ONE of Bolton’s main car sales companies has posted improved pre-tax profit figures - following a ‘challenging’ year’s trading.

But bosses at Bolton Car Centre (BCC), who run the town’s Citroen dealership, are concerned about the impact of a ‘no deal Brexit’ on sales.

If the UK crashes out of Europe without a trading arrangement, BCC’s management is worried, under World Trade Organisation rules, they would be hit with a 10 per cent levy on imported cars.

The board has cited advice from the Society of Motor Manufacturers and Trades, which says dealerships may have to bump up the price of imported models by £1,500, in the event of ‘no deal’.

Company director Michael Holt, as part of BCC’s year-end report, said: “This could affect demand for new car sales, with selling price rises inevitable, although used car volumes may increase. On a more positive note, the UK goverment has stated that car parts imported from the EU would remain tariff free after a ‘no deal Brexit’.”

He told investors 2018 had been “another challenging year”, driven by a continued slowdown in new vehicle registrations and increased regulatory overheads.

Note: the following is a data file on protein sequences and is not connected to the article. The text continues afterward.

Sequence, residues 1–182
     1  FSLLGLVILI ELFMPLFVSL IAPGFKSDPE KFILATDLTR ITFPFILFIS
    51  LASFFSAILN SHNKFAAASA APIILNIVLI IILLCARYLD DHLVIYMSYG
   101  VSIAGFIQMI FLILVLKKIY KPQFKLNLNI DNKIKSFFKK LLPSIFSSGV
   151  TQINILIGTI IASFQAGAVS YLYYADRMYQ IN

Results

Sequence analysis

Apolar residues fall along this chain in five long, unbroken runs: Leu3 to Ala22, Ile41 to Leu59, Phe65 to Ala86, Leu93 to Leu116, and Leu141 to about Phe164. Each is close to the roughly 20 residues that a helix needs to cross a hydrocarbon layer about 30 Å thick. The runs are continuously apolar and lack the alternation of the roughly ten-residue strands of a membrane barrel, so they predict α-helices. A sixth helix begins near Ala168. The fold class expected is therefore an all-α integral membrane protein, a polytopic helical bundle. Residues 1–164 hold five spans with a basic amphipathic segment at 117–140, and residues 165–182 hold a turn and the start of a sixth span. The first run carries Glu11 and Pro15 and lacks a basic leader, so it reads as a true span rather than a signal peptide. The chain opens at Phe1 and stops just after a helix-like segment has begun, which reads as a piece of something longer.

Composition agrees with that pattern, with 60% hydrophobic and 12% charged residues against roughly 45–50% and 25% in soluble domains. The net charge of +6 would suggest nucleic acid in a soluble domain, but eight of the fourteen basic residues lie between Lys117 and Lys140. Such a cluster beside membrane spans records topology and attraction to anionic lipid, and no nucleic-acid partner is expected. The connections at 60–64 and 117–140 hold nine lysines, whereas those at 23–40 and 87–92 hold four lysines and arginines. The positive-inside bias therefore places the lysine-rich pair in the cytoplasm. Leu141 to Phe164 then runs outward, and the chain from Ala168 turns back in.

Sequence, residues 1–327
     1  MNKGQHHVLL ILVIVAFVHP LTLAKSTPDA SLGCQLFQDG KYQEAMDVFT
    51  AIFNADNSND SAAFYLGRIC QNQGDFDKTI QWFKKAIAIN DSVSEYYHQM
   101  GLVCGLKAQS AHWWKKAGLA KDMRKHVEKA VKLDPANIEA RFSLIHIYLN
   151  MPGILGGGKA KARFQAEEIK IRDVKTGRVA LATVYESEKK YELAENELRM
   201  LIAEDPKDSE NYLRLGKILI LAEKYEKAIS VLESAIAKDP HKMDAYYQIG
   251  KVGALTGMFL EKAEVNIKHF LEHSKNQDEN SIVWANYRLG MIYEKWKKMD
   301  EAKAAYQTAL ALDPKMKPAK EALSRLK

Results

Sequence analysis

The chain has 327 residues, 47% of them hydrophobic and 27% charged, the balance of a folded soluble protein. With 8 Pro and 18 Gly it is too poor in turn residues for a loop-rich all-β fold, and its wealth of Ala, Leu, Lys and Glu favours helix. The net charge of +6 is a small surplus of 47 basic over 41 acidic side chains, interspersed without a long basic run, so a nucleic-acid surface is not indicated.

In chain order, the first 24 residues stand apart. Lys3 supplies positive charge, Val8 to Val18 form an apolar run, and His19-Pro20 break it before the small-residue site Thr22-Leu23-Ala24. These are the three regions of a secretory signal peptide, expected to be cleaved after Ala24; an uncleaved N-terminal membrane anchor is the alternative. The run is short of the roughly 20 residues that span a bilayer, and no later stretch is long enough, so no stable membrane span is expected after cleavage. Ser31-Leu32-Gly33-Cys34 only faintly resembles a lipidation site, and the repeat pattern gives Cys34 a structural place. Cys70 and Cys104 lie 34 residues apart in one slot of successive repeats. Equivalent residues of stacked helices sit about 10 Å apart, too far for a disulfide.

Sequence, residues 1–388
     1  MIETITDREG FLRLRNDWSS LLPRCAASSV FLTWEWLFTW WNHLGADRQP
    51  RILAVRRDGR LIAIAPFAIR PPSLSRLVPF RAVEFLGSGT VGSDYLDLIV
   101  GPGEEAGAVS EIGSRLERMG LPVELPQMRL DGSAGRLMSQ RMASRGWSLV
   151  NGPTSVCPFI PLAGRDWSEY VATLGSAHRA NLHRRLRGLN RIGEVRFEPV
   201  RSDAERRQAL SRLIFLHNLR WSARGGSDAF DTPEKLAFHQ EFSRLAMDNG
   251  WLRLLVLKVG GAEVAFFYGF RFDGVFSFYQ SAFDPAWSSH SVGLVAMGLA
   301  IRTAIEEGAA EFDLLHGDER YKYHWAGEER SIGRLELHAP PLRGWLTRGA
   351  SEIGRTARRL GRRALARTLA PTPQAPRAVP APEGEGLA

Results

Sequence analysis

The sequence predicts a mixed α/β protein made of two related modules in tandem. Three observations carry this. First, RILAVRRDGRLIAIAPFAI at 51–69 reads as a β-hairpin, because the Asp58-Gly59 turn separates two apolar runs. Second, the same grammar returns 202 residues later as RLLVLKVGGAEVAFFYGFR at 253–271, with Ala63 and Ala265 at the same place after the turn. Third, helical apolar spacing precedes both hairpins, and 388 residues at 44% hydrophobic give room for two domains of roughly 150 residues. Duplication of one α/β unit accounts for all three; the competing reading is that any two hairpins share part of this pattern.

New vehicle sales volumes dropped from 822 to 738 year-on-year, which has been blamed on a slowdown in consumer confidence.

Earlier this year the company also disposed of Suzuki franchises for Bolton and Blackburn and its Citroen site in Wigan, which Mr Holt says was in order to protect long-term profitability, so they could focus on money-generating locations.

The outfit also opened a new Hyundai garage in Bury which saw improved sales performance in the second and third quarters of the year. Pre-tax profits ended at £46,681 for 2018, up from £29,049.

Mr Holt added: “The key risks to the business in future financial years continues to be increasing competition and customer demand for the vehicles offered by our franchises, especially in the light of political uncertainty.

“Due to industry-wide changes towards hybrid and electric vehicles over the coming years, the risk of falling consumer demand is considered to be low.”